Combating terrorism

12-09-2017

The phenomenon of foreign fighters travelling to conflict zones, mostly in Syria and Iraq, represents a growing threat for the EU and its Member States. Most of the recent terrorist attacks in Europe were perpetrated by 'home-grown' terrorists, and at least some of the perpetrators proved to be returned foreign fighters. In December 2015, the European Commission presented a proposal for a directive on combating terrorism, aimed at updating the current framework on criminalising terrorist offences and at bringing EU legislation into line with international developments, such as the adoption of UN Security Council Resolution 2178 and the Additional Protocol to the Council of Europe Convention on the Prevention of Terrorism. The proposal extends the list of offences, to cover receiving of terrorist training, travelling and attempting to travel abroad for terrorism, and funding or facilitating such travel, and also includes provisions on the protection of victims. After completion of the legislative procedure at first reading in the Parliament and Council, the final act was signed in March 2017. Member States are required to transpose the new directive into national law by 8 September 2018.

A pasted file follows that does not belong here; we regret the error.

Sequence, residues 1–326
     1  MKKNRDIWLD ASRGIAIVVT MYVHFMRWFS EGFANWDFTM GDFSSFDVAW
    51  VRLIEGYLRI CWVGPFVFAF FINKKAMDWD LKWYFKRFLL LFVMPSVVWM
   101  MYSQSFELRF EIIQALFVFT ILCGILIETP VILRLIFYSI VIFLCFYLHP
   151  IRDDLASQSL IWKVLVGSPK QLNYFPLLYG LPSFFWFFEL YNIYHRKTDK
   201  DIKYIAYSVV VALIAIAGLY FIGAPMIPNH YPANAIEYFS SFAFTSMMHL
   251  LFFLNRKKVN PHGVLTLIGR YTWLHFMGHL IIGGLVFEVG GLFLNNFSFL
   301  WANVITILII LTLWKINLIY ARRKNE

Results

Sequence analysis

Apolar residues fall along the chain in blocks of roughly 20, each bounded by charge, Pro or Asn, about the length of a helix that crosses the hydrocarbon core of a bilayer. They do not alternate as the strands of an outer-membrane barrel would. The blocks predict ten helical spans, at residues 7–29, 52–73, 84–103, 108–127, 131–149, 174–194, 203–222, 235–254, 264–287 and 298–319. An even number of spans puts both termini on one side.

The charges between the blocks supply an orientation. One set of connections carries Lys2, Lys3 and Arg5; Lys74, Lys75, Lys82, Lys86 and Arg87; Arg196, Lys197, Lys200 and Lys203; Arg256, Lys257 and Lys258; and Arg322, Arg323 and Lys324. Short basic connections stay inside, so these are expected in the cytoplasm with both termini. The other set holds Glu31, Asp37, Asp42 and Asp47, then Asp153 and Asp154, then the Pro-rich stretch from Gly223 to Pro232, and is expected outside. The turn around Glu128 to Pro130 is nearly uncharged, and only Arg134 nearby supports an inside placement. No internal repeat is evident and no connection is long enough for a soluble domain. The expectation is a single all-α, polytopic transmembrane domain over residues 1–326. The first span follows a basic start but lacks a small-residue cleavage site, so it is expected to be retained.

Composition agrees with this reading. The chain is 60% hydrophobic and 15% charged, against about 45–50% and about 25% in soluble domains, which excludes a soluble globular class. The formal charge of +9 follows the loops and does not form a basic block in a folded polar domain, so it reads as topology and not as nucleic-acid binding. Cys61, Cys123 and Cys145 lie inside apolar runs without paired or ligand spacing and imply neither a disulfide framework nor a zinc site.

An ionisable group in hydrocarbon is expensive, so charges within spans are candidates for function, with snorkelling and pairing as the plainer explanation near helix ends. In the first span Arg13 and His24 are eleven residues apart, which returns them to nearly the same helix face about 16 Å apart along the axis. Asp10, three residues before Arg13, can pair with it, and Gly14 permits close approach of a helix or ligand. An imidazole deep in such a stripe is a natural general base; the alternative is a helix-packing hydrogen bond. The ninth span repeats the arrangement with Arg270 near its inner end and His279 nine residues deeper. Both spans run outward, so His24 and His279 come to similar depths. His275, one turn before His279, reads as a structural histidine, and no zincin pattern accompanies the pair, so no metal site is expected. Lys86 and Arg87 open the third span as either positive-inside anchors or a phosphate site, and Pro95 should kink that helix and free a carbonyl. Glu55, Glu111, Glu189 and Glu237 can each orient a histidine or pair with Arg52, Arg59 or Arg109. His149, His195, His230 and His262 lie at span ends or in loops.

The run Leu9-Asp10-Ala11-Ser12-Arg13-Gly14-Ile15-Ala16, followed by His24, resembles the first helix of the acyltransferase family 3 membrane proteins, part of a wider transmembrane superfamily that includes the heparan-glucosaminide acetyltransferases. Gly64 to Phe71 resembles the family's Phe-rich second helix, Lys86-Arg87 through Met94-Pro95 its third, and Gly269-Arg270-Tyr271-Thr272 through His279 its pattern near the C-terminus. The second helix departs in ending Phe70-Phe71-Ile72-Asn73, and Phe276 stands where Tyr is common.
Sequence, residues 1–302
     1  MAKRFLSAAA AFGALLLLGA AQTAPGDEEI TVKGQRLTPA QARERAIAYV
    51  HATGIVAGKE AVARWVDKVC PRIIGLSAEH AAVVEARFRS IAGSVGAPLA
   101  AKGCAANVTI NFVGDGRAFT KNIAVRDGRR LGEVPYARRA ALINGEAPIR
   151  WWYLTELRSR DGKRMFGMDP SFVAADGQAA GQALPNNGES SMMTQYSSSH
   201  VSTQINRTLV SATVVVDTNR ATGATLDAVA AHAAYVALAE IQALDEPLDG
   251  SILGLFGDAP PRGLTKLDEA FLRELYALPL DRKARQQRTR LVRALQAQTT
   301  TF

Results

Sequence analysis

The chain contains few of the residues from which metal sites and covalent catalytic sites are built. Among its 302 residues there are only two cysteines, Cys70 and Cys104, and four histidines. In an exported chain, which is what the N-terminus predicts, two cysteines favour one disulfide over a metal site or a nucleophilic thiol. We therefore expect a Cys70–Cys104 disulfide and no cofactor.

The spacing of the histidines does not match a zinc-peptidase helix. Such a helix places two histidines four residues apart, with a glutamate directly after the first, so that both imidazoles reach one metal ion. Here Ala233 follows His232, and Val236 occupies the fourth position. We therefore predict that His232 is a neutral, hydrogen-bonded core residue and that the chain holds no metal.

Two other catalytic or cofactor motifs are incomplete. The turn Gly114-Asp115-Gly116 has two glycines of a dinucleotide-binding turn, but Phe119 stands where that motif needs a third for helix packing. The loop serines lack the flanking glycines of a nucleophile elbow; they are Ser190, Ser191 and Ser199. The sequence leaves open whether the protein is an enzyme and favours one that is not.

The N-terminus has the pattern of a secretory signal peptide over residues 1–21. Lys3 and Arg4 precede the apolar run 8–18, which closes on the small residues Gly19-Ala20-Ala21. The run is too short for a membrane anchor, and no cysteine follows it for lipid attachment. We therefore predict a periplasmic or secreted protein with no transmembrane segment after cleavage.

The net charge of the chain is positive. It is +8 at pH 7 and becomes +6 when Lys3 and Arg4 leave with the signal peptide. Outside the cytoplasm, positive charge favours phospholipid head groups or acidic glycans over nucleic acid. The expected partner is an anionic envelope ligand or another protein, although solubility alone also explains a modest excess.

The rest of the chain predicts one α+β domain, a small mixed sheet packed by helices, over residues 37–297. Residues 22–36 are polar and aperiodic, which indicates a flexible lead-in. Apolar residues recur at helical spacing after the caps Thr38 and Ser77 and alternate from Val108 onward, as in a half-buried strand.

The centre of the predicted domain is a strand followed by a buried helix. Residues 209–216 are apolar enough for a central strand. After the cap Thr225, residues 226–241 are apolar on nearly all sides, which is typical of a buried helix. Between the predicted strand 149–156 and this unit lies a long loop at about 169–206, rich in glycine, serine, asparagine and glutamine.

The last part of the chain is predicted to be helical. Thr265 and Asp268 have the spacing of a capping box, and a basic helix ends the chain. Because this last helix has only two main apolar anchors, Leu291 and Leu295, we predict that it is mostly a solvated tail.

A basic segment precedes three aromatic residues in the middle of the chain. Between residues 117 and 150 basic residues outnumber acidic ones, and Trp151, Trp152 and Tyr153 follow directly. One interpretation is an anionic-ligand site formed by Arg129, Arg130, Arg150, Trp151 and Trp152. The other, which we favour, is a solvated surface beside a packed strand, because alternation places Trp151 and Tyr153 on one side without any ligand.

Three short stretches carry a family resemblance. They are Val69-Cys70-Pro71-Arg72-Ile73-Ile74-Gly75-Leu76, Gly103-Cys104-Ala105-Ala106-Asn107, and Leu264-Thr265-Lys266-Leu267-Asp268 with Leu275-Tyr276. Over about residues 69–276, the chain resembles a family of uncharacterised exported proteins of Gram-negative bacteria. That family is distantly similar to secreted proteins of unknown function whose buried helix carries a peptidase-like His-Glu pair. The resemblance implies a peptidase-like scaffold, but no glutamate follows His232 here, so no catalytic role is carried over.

The phenomenon of foreign fighters travelling to conflict zones, mostly in Syria and Iraq, represents a growing threat for the EU and its Member States. Most of the recent terrorist attacks in Europe were perpetrated by 'home-grown' terrorists, and at least some of the perpetrators proved to be returned foreign fighters. In December 2015, the European Commission presented a proposal for a directive on combating terrorism, aimed at updating the current framework on criminalising terrorist offences and at bringing EU legislation into line with international developments, such as the adoption of UN Security Council Resolution 2178 and the Additional Protocol to the Council of Europe Convention on the Prevention of Terrorism. The proposal extends the list of offences, to cover receiving of terrorist training, travelling and attempting to travel abroad for terrorism, and funding or facilitating such travel, and also includes provisions on the protection of victims. After completion of the legislative procedure at first reading in the Parliament and Council, the final act was signed in March 2017. Member States are required to transpose the new directive into national law by 8 September 2018.